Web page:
Earlier this week, Lucette Lagnado wrote about an arrogant revolution and about mourning her Arab Spring. She has been blogging all week for the Jewish Book Council and MyJewishLearning’s Author Blog.
This past weekend I was lost — and found — in Brooklyn.
My Sunday began with an appearance on a panel about the Arab Spring at the chic, hipsterish Brooklyn Book Festival. It was an animated discussion, and my fellow panel-members were amiable, but I felt lonely, very much in the minority as I spoke out against the brutal attack on the Israeli Embassy in Cairo. The attempted storming of the embassy last week was a turning point as far as I was concerned, a time to start asking tough questions about the revolution and whether it had gone seriously off-track, to demand to know what happened to the early goals of democracy and peace on Tahrir Square.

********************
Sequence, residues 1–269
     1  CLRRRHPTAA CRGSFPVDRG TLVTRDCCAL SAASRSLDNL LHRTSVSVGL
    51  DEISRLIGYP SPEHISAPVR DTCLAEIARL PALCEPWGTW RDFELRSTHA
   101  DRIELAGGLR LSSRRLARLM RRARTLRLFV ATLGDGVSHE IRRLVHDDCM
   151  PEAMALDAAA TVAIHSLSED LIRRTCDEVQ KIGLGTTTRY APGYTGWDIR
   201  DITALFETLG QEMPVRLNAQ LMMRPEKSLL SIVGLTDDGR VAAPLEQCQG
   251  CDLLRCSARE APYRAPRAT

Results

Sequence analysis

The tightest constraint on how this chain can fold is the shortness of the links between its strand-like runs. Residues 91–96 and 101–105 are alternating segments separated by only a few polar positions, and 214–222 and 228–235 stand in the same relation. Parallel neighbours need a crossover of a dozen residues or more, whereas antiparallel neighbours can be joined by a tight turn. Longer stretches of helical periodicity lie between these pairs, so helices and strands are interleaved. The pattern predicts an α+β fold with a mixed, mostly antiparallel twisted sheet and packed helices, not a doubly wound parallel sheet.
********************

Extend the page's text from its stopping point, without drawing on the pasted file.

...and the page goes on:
The consensus, though, was that revolutions took time to play out – one member suggested 100 years.
And I thought there was such a desperate need for change – immediate reforms.
One thoughtful panel member from Cairo did suggest that many Egyptians were shocked by the attack, that it was unexpected; I was heartened to hear at least that there was a sense of shame about it in Egypt.
I walked out feeling oddly blue, melancholy. Here I was in Brooklyn, where I grew up, and yet I was struck by that feeling of not belonging that returns to haunt me every once in a while.
As I wandered the streets of Brooklyn Heights with its multi-million dollar mansions and elegant residents, and then of nearby Park Slope which is, if possible, looking even sleeker these days, I realized that this fashionable Brooklyn had nothing to do with the Brooklyn of my childhood, the borough where my family and I had once sought refuge, where we had found a haven among equally impoverished refugees from the Levant.
I also knew the only possible way to cope with my funk was to go immediately to that Brooklyn.
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I have always thought it was odd that with this Brooklyn renaissance, the fact that some of the borough’s most God forsaken areas have become de rigueur, my little enclave of Bensonhurst has remained decidedly un-chic.